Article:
Months after the Cambridge Analytica data-sharing scandal, Facebook is once again under fire for potentially allowing third parties to access huge amounts of user information without user consent. A new report suggested at least 60 hardware companies that struck deals with Facebook had access to more user data than initially believed.

Companies like Apple, Samsung and BlackBerry had made data-sharing agreements with Facebook, the New York Times reported. The deals started a decade ago as a means to let the device makers incorporate Facebook features into their products so Facebook could broaden its reach.

The problem is that the deals may have given those companies far-reaching access to information about not only the owners of those devices, but their Facebook friends, as well. The scope of the data sharing could have potentially violated user consent, as well as a 2011 Federal Trade Commission consent decree.

The deals existed so hardware companies could let users do things like share photos to Facebook from cellphones and tablets without directly using the app or website. As an example of how invasive the data access can be, the Times tested it out using a 2013 BlackBerry phone to see what data BlackBerry got from Facebook in the process.

By logging into the BlackBerry with a Facebook account with 550 friends, the device eventually got things like birthdays, work history and other identifying data from around 295,000 people tangentially related to the account. According to the Times, the BlackBerry device had more than 50 types of information about the user’s friends, or friends of their friends.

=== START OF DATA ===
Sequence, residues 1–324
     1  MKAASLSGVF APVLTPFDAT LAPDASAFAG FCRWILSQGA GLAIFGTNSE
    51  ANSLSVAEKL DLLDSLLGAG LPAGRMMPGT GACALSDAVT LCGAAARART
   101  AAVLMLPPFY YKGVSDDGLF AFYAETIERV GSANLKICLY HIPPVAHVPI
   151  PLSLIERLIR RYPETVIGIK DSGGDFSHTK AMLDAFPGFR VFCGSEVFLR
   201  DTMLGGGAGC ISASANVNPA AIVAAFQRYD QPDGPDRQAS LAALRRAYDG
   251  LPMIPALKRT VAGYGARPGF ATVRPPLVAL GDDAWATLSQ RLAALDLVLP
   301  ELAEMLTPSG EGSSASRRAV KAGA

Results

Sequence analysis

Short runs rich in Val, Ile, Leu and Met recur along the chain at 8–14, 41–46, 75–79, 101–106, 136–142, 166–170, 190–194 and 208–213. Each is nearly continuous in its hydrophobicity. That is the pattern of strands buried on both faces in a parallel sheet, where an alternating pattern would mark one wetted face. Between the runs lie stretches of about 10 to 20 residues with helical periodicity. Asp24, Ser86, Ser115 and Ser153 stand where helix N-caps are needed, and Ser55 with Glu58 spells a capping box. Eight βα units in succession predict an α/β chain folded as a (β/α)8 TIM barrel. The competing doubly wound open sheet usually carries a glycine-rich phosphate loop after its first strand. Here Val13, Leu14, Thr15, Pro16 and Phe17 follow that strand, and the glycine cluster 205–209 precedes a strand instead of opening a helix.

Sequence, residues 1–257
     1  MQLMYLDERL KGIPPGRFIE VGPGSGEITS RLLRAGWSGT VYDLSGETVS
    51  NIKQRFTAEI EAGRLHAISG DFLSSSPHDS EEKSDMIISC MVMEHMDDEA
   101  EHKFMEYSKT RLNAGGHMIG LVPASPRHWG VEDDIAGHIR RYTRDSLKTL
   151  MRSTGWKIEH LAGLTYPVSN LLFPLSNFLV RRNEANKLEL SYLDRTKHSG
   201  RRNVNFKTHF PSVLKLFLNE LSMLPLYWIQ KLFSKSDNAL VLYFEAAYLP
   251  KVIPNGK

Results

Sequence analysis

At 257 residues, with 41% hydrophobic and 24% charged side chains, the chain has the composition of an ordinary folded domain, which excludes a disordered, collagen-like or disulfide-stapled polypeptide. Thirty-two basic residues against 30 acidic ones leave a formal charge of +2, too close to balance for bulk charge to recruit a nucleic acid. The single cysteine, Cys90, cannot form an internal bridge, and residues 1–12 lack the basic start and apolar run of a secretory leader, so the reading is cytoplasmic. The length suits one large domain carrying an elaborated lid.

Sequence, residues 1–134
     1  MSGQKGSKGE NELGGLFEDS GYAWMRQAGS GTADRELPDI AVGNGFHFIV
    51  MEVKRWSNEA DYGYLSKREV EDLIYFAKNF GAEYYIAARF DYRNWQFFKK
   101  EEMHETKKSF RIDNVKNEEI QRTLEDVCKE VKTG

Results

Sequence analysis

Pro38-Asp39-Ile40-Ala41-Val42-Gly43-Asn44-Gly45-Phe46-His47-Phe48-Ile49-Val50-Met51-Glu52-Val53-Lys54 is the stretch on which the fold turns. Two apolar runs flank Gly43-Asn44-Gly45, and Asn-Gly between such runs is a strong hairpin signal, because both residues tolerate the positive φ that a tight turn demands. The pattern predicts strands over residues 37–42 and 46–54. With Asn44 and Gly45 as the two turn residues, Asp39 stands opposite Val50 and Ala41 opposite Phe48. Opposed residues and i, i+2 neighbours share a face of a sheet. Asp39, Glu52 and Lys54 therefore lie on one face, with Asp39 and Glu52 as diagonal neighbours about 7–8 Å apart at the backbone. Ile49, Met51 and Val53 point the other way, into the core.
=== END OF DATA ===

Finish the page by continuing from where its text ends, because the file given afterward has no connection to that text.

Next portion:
BlackBerry told the Times that the data was only used to enable Facebook to work through the BlackBerry Hub feature. The Hub allows BlackBerry owners to monitor all of their social feeds in one centralized area. BlackBerry said the data was protected.

After the discovery that Cambridge Analytica harvested the data of 87 million unwitting Facebook users, concerns have grown over what third-party organizations can gather about users. Critics have argued that many Facebook users may not fully understand what protections they are giving up when they enable features like BlackBerry Hub.

Facebook may have given hardware makers far-reaching access to user data. This photo illustration taken on March 27, 2018, shows apps for Facebook, Instagram, Twitter and other social networks on a smartphone in the Indian capital New Delhi. Chandan Khanna/AFP/Getty Images

In a Sunday blog post in response to the Times report, Facebook said the data-sharing deals only existed for an era when smartphone app stores were not as ubiquitous, saying many of those deals have ceased in recent months.

“Contrary to claims by the New York Times, friends’ information, like photos, was only accessible on devices when people made a decision to share their information with those friends,” the blog post read. “We are not aware of any abuse by these companies.”